India's Wild Elephants Adore Local Brew
Wild elephants in northeastern India, drunk after raiding tribal villagers' stores of home-brewed beer, often trample crops and, occasionally, humans. The beer is made by "aboriginal communities" and stored in drums in homes often constructed of mud and thatch -- no anti-beer barrier for a herd of thirsty elephants. Made from fermented rice, the local beer has many names, such as laopani, bunkchung, and apong, and is an important beverage for entertaining houseguests, excluding uninvited elephants. Sadly, the region's beer-stealing elephants sometimes destroy themselves as well as people, homes, and crops: Half-a-dozen drunk elephants in 2007 were electrocuted after raiding a village for rice beer and then uprooting a utility pole carrying electric power lines. Sources: "Beer-swilling elephants," Associated Press, 14 Nov 2004, "Wild elephants electrocuted," Associated Press, 23 Oct 2007, and Dipali Deka, et al, "... preparation of rice-beer ...," Indian Journal of Traditional Knowledge, Jul 2010.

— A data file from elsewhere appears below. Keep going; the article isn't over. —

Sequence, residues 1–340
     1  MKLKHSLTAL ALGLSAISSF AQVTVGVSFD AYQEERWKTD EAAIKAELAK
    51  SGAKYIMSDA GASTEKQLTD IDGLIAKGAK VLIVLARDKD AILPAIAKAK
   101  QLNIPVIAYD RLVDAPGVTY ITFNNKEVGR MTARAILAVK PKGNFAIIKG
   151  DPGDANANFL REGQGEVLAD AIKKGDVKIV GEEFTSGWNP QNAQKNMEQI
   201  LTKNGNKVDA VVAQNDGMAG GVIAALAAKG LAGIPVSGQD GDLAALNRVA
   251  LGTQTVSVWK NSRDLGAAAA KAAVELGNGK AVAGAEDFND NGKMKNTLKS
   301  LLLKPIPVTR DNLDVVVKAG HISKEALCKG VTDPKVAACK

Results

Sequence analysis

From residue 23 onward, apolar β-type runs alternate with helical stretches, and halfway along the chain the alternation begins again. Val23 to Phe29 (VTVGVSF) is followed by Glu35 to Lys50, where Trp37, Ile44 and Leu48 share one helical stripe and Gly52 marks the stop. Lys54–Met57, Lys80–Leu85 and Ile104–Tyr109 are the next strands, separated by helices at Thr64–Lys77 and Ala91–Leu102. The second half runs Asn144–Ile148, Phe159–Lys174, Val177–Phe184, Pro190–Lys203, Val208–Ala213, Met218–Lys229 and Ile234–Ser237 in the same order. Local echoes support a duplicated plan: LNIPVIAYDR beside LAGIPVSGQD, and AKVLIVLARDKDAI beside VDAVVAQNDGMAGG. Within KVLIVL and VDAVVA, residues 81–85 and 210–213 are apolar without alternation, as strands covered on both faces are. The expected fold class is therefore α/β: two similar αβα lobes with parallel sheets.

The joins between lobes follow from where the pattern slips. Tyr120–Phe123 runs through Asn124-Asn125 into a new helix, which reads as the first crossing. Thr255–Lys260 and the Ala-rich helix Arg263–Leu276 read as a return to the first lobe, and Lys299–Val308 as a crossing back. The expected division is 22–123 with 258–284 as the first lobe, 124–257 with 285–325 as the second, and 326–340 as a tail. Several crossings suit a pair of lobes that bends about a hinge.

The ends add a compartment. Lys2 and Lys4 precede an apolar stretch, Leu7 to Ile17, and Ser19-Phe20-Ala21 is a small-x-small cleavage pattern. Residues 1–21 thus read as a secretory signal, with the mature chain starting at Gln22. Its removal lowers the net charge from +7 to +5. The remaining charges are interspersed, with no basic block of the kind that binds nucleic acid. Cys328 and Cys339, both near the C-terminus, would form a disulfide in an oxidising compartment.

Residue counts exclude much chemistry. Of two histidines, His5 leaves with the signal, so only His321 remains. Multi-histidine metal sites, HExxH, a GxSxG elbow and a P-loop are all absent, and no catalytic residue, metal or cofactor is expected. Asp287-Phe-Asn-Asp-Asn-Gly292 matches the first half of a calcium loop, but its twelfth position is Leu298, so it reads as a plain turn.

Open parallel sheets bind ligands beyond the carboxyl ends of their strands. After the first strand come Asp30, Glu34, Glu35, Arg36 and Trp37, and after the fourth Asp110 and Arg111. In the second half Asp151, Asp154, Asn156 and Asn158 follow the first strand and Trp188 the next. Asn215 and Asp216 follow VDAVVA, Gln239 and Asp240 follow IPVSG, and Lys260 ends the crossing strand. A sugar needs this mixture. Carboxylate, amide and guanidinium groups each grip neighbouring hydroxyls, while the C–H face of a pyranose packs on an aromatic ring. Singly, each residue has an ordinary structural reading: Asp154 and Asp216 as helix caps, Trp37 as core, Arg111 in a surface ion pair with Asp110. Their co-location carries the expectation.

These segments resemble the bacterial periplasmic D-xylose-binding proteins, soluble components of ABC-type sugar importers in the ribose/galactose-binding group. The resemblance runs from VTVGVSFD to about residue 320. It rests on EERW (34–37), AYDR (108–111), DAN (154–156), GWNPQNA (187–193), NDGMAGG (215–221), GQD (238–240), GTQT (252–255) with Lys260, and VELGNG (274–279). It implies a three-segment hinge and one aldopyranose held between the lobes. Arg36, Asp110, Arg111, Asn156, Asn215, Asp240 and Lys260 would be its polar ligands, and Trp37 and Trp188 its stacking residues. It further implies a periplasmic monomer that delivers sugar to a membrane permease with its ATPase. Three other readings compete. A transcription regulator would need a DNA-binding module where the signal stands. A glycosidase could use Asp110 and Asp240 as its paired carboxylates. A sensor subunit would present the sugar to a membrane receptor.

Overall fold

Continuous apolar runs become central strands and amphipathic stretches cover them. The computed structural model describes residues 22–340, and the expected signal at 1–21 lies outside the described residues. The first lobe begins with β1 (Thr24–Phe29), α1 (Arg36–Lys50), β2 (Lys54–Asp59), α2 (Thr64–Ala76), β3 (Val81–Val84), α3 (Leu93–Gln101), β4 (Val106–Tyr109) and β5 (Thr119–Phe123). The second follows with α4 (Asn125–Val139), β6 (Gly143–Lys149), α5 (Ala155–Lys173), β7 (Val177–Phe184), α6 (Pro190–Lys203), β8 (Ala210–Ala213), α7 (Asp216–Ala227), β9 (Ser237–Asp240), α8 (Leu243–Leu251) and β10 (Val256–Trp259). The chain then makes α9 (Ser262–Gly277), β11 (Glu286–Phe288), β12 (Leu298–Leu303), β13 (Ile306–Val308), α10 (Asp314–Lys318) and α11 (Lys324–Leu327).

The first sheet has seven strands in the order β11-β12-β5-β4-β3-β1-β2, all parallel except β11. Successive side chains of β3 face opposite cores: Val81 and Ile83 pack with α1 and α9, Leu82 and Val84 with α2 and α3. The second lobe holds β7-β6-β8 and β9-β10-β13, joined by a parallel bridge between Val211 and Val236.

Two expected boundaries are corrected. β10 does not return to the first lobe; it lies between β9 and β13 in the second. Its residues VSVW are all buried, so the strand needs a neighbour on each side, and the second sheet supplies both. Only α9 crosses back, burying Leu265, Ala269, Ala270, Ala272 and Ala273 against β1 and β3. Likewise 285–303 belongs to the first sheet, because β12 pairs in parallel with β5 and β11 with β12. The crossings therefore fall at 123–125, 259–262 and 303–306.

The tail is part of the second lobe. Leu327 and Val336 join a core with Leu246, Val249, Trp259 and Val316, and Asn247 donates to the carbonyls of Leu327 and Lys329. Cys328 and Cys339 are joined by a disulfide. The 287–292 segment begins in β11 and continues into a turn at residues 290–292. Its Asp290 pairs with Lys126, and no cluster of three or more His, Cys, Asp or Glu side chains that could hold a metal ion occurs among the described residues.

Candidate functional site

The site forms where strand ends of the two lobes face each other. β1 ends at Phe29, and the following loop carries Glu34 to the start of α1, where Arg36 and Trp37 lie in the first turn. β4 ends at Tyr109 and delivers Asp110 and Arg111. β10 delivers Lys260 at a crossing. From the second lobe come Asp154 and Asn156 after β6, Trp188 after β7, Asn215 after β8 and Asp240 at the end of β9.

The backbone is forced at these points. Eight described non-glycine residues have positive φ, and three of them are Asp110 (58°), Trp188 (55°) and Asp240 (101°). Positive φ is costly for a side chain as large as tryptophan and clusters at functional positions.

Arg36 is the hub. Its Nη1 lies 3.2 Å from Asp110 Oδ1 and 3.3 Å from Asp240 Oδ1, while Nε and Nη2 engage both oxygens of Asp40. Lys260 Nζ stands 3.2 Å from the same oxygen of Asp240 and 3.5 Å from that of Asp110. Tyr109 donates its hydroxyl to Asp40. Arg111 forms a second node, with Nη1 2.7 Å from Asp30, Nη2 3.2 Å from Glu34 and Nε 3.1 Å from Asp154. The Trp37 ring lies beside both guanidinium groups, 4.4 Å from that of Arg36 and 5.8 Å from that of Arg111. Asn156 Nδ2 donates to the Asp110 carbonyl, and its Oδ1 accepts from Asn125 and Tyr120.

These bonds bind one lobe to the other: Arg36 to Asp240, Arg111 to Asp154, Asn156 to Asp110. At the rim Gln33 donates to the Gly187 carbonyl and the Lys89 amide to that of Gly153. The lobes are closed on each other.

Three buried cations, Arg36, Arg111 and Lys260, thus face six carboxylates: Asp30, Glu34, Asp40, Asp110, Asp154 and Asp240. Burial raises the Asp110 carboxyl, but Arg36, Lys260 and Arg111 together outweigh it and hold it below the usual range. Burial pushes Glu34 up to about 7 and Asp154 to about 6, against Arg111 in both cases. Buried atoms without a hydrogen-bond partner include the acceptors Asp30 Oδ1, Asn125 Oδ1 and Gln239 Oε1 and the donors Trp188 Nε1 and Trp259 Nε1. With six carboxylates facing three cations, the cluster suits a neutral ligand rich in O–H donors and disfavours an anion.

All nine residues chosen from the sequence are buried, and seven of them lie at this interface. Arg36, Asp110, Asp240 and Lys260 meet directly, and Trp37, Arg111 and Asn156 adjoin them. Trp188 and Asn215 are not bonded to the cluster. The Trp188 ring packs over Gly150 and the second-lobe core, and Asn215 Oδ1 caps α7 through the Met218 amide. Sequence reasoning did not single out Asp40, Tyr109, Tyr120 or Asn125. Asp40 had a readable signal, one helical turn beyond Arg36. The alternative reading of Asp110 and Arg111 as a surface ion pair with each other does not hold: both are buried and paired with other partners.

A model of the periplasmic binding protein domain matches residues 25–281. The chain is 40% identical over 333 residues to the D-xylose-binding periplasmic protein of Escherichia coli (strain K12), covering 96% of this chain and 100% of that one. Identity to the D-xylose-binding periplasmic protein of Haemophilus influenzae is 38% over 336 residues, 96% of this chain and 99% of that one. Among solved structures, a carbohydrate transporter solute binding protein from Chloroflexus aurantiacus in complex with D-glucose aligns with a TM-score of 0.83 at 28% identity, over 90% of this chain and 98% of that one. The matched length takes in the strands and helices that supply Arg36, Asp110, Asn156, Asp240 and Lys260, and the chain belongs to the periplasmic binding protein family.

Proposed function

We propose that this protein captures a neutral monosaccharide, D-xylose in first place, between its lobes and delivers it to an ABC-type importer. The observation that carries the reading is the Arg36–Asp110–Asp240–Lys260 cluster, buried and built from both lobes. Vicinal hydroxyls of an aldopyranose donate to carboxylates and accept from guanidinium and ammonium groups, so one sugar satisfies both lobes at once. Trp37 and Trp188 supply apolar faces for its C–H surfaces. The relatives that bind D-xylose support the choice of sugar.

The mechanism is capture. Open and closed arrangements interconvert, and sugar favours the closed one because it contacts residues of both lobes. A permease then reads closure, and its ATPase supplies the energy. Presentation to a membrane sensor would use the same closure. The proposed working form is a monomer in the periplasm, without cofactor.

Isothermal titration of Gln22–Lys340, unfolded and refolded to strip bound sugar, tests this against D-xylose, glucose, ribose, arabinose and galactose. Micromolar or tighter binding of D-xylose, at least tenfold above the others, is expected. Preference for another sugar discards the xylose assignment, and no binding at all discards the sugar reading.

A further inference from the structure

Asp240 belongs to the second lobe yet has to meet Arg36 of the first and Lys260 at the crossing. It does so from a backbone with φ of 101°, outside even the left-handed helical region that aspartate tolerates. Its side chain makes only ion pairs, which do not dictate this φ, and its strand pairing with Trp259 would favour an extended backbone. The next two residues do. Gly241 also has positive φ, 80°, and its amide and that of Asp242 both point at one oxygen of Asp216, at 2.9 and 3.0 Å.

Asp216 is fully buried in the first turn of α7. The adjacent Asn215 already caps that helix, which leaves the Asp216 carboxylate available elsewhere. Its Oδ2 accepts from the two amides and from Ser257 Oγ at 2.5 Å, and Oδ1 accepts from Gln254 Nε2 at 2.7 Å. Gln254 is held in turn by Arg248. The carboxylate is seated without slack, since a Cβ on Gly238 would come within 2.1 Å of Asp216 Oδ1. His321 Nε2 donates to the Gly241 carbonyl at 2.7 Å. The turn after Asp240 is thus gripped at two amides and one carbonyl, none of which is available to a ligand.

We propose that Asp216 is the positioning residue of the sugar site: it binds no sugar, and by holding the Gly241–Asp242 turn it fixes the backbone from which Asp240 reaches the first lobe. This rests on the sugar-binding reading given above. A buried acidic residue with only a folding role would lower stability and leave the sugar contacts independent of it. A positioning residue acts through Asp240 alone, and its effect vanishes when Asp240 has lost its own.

Illustration commentary: This fanciful artwork of a happy beer-drinking elephant decorates an early 20th-century advertising poster for the Spanish beer Moritz. The artist is unknown to WBT, but may be the French poster-artist Eugene Oge (1861-1936) noted for a playful style of food-and-drink illustration. The artwork's "beer-belly" elephant appears to represent the Indian subspecies of the Asian elephant (Elephas maximus), a relative of the larger African elephant, or, perhaps, an imaginary combination of the Asian and African elephant. Source: WBT's illustrator and elephant files.
Strong brew factlet: Carlsberg India in 2011 launched a "super-premium strong beer" named Elephant in honor of the country's largest mammal, which signifies "strength and royalty." Source: Carlsberg India (website), 2 Apr 2013.